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Rising imprisonment creates challenges.

Rising imprisonment creates challenges

During the last decade, Alaska has experienced the largest percentage increase in prison population of any state in the country. Not surprisingly, the trend has created problems for the state's penal system.

Demand for prison facilities and related issues were subjects of the "1990 Annual Report of the Alaska Sentencing Commission." The Alaska Sentencing Commission was created by the 1990 legislature in response to concerns about prison overcrowding. Its purpose is to evaluate the effect of sentencing laws and practices on the criminal justice system and to make recommendations for improvement.

The commission's 1990 report observes that Alaska's general population has increased gradually since 1980, while the state's crime rate has remained relatively stable. Meanwhile, the prison population has risen much faster than can be accounted for by those two factors alone.

At the end of 1989, the Alaska Department of Corrections housed 2,556 offenders in 15 facilities around the state. Twenty-three percent of these inmates were being held for sexual assault or sexual abuse of a minor. Violent crime offenders accounted for a full 55 percent of the prison population.

Needless to say, Alaska's prison statistics are rather alarming. But incarceration rates across the country are spiraling. Since 1980, the number of people held in state and federal penal institutions has increased 115 percent. According to the commission's report, in Alaska that number has jumped 230 percent, or twice the national rate. Further, Alaska had the fourth-highest incarceration rate in the United States in 1988.

Many states have attempted to build their ways out of prison overcrowding problems. Construction costs have helped to make spending for corrections one of the fastest-rising components of state budgets for the past decade. Amid discussions of how to pay rising bills for corrections, there's a great deal of debate about whether increased incarceration and prison expansions have any substantial impact on crime prevention. According to the Alaska Sentencing Commission, California projects that its prisons will be more crowded after its $6 billion construction program than they were previously.

In Alaska, the 1990 overall state operating budget was twice the 1980 operating budget. The commission's report notes that the 1990 operating budget for the Department of Corrections, at $99 million, was four and one-half times the 1980 corrections operating budget of $22 million. Also, since 1980, Alaska has spent $127 million for prison construction, renovation and repair.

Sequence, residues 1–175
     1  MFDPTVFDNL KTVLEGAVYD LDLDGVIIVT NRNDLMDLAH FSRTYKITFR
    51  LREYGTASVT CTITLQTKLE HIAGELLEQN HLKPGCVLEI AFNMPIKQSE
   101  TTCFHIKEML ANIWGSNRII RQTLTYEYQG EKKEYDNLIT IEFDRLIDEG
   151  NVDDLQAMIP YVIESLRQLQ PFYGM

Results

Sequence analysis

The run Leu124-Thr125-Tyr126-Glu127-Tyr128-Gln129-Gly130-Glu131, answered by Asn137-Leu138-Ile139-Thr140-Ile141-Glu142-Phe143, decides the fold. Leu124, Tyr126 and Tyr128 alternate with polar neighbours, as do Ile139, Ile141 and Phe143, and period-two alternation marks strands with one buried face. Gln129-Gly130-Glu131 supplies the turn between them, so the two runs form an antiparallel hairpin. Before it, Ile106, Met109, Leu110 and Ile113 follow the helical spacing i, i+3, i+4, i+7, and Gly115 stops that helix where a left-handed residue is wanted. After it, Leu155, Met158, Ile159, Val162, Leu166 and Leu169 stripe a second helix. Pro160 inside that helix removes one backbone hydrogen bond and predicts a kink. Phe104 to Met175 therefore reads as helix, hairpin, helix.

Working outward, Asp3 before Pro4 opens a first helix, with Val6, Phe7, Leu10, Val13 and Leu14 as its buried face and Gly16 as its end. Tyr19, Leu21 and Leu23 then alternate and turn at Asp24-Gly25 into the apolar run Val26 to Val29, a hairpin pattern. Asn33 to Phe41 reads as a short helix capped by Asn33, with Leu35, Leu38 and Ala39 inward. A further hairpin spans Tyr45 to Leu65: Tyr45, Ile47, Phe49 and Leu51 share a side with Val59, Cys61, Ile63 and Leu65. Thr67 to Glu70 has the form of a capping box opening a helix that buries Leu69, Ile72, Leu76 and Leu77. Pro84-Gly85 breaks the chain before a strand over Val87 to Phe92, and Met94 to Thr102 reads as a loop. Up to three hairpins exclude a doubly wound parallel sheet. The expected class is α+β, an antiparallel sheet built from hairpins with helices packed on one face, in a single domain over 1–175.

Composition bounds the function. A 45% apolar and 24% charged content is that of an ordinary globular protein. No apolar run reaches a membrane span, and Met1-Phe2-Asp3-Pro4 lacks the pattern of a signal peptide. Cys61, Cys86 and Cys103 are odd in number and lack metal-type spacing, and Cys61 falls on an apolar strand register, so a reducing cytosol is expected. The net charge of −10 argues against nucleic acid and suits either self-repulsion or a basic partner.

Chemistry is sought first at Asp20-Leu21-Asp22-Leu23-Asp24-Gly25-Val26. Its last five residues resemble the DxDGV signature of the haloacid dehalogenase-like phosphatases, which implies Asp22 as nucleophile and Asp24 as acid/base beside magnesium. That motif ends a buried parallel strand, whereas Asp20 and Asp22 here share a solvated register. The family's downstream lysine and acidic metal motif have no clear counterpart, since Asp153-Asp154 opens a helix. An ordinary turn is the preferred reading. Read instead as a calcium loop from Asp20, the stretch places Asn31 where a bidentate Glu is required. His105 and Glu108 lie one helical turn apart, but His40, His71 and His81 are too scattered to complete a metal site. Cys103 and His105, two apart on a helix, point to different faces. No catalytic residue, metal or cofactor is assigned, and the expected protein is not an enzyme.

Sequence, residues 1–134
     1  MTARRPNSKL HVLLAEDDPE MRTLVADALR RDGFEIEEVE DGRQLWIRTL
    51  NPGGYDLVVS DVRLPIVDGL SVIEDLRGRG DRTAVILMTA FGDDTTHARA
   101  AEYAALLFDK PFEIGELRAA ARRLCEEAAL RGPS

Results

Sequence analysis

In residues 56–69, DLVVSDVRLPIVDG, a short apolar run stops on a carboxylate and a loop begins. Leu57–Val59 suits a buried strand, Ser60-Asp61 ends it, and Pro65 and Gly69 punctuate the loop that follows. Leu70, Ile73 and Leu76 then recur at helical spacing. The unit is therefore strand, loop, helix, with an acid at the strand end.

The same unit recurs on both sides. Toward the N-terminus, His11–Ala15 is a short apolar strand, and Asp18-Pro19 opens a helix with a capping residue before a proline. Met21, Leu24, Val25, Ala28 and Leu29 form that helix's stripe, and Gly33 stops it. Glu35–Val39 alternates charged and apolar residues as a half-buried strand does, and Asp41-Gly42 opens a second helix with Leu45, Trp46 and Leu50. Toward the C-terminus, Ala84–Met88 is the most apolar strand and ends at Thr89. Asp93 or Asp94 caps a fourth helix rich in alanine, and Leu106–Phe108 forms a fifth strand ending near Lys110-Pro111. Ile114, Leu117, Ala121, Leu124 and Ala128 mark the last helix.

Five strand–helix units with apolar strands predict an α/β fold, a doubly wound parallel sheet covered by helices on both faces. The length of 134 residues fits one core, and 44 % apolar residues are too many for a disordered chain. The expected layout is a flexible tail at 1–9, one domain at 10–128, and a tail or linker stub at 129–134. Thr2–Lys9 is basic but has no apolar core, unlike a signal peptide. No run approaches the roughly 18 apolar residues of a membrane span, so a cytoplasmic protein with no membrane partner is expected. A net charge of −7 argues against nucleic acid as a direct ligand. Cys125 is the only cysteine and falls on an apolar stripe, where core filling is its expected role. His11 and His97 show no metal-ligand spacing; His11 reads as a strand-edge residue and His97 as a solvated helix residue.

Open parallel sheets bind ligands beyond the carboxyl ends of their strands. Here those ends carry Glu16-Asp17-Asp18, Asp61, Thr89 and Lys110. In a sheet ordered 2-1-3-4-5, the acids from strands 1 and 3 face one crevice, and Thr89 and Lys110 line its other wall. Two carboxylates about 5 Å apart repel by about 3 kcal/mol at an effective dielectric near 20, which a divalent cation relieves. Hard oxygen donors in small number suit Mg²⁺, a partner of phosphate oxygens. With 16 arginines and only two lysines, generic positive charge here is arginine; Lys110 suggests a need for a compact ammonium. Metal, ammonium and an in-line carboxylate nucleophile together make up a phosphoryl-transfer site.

In 1987, with state and local criminal justice expenditures per capita of $540, Alaska ranked second in the country (after the District of Columbia). That ranking undoubtedly reflects Alaska's proverbially high governmental costs, in addition to high corrections costs. The average cost of simply housing a prison inmate in an Alaskan institution in 1989 was $80 per day.

Trying to build prisons fast enough to keep pace with escalating incarceration rates may well be a losing proposition. In any event, there is increased interest in exploring less expensive alternatives to prison construction and operation.

An umbrella term for alternatives to prison stays as a means of punishing or controlling the offender is "intermediate sanctions." Among such solutions are house arrest and electronic monitoring, residential restitution centers, military-style boot camps for young offenders, and -- modeled after a European method -- "day fines" linked to the offender's daily income.

Intermediate sanctions provide middle-ground options between jail and probation: They're intermediary in administrative and capital costs, as well as in severity of punishment. The alternatives are touted as providing better opportunities for rehabilitation and development of job skills that likely would reduce recidivism in the long run.

The Alaska Sentencing Commission has expressed interest in exploring the increased use of intermediate sanctions in Alaska. Meanwhile, the legislature has requested that the commission address a broad range of policy issues related to sentencing reform. The commission has until June 1993 to complete that inquiry.

Daniel Patrick O'Tierney is an Anchorage attorney who serves as the lawyer member of the Alaska Public Utilities Commission.
COPYRIGHT 1991 Alaska Business Publishing Company, Inc.
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Title Annotation:Alaska should look to alternatives other than building more prisons to house a growing criminal population
Author:O'Tierney, Daniel
Publication:Alaska Business Monthly
Date:Jun 1, 1991
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